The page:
How flexible is your body?
How flexible is your mind?
How flexible is your yoga practice?
What do you do when you get stuck?
Do you stick with your routine?
Or do you adapt?
It's a New year now but the calendar alone won't change the way you feel. To breathe new life into body and mind, you'll need to build a new foundation. You may need to become flexible in new places and draw upon new sources of strength.
Yoga can help you wake up your potential - or it can be one more place where you fall back on your habits.
What does your practice look like?
- Are you expanding your understanding - or just going through the motions?
- Are you filling in blind spots - or pushing through pain?
- Are you trying to do everything "correctly" - or exploring creatively and discovering new capacities?
Every yoga posture contains an entire universe. To create a dynamic shape, hold it, and enliven it with your breath is to discover new ways to relate to the world around you. Some shapes feel familiar and safe. Others bring you face-to-face with your fears.
Practice means showing up again and again. But it's only repetition if you leave your imagination behind.
And you don't have to do that!
Triangle - Connecting the Dots
January 18 - February 25
Triangle pose turns your world on its head. It gives you no choice but to adopt a new perspective.
To find even footing below as you reach for the sky above requires skillful use of your feet, hips, eyes, and spine. Doing the same to the left and the right will highlight where you know yourself well - and where you don't.
Reimagining Asana: Triangle - Connecting the Dots is a 6-week Feldenkrais workshop designed to refresh your yoga practice through a multi-dimensional exploration of the world of Triangle.
As you form a more beautiful Triangle, you will also learn to:
- Free your neck & shoulders to support your head without strain
- Adjust the width of your base of support to find better balance and ease in your posture
- Strengthen the muscles of your pelvis and groin to lighten the load on your back
- Organize your feet & ankles for maximum ground support
- Open your hip joints for better rotation and balance
- Open your chest for a deeper breath
- Strengthen the connection of your spine and your limbs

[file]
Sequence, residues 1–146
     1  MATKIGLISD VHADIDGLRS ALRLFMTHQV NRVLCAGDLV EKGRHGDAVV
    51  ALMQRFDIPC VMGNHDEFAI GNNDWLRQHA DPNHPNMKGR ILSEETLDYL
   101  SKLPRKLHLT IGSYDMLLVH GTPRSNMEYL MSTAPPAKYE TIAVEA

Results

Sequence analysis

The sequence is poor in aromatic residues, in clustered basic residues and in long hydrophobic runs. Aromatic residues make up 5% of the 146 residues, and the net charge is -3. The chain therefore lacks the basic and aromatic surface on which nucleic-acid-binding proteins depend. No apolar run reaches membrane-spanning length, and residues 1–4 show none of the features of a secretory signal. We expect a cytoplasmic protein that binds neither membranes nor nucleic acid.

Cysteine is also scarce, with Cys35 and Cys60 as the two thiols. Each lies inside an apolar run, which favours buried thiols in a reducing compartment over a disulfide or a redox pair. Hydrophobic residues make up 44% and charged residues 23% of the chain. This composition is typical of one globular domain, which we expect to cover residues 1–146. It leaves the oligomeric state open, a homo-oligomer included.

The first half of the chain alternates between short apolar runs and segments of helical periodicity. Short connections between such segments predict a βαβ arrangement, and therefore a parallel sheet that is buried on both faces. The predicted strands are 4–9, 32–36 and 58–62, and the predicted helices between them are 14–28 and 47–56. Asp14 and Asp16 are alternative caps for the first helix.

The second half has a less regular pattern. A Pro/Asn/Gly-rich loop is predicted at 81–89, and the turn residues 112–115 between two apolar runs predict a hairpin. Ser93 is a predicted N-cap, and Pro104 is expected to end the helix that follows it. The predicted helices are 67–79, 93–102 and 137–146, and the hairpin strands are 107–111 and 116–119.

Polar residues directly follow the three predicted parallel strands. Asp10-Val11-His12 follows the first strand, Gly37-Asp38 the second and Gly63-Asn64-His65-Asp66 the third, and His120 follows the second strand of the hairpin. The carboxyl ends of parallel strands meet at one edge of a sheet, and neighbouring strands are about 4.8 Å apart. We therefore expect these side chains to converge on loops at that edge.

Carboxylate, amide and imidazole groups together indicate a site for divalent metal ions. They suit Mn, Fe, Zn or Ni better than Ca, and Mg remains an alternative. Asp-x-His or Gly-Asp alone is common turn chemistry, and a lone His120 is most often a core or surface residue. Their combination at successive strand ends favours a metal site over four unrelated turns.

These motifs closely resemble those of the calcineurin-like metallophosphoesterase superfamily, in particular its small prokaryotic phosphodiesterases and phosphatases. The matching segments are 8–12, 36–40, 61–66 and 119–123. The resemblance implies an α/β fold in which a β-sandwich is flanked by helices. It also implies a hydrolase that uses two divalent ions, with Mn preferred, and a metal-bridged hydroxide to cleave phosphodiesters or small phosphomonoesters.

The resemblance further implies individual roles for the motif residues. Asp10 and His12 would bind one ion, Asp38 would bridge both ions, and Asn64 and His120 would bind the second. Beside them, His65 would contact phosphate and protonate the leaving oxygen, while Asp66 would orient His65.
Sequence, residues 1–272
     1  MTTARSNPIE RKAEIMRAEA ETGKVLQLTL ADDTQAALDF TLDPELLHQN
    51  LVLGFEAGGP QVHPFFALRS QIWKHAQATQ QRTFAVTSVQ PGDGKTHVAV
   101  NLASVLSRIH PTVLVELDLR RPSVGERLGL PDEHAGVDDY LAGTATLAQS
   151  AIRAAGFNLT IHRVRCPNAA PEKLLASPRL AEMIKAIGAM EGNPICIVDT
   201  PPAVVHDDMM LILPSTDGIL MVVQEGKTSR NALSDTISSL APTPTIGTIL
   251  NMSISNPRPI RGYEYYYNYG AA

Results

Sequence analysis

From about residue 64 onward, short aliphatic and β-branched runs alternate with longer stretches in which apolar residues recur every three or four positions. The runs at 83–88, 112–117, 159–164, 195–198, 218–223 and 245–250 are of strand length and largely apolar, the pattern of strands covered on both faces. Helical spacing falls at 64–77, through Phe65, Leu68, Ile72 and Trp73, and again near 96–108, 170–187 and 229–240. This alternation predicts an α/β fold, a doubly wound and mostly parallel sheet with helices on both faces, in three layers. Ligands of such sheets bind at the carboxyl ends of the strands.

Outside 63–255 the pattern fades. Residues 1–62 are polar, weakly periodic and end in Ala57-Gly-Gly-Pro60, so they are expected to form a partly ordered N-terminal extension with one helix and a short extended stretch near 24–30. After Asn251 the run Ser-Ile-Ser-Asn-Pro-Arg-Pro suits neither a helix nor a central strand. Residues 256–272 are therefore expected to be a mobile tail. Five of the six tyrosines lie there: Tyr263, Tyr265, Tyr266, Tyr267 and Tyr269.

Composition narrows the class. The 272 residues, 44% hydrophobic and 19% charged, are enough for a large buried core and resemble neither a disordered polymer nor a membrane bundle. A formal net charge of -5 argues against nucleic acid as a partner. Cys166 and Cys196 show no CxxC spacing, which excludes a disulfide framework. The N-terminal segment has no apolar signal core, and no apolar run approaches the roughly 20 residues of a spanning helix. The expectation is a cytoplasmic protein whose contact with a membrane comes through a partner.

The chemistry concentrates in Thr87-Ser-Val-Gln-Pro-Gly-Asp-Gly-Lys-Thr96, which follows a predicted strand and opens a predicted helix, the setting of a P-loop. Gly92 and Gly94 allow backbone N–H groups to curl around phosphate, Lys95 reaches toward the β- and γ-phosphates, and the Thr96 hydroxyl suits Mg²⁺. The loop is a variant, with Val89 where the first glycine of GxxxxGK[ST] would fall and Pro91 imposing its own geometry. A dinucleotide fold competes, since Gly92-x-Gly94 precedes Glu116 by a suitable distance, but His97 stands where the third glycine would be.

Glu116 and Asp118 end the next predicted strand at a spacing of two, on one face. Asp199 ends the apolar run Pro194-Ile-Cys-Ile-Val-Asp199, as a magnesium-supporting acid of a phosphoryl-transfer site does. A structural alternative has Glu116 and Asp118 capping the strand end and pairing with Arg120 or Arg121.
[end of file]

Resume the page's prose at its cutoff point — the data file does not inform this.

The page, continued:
- Train your vestibular sense to find comfort in unusual orientations
- Employ skillful counterbalance (the yin/yang of stability/mobility)
What makes this approach to yoga asana different:
- Using the asana to uncover structural biases in your skeleton, unconscious movement habits, and emotional blindspots
- Clear explanations of the relationship between the posture and the movements of your everyday life
- Non-goal oriented approach that makes space for you to find your own unique definition of the ideal
- Strategic use of improvisation and games to broaden your thinking about the posture
- Studying the posture in relation to principles of ideal human movement that apply anytime/anywhere
- Exploring the posture in multiple relationships with gravity to highlight the work of different muscle groups
- Learning to recognize and adjust for the emotional and/or psychological challenges in your movement practice
Class #1 - January 18
Triangle is built on a wide base of support. Although you have no choice except to get shorter the more you spread your feet, that doesn’t mean your spine has to collapse. Discover what it means to lift up out of your legs - no matter how your feet are placed.
Class #2 - January 21
The triangle of support underneath your Triangle pose is built over feet pointed in different directions. It’s a unique demand for each ankle and a different pathway from the ground up through each hip joint. Strengthen your foundation by getting to know all of its angles.
Class #3 - January 25
Your pelvis moves your middle, both to find support over your legs and steer your spine through space. Tilting or turning doesn’t have to mean falling. But your hips must know what’s above and below in order to float. Explore the yin and yang of mobility and stability.
Class #4 - January 28
Not every day do your hands and legs connect - or intersect. It’s not that they can’t reach, but if your spine stays in one neighborhood, they’re limited by where they reach from. But if you travel the city by driving from your spine, your hands go wherever they wish.
Class #5 - February 1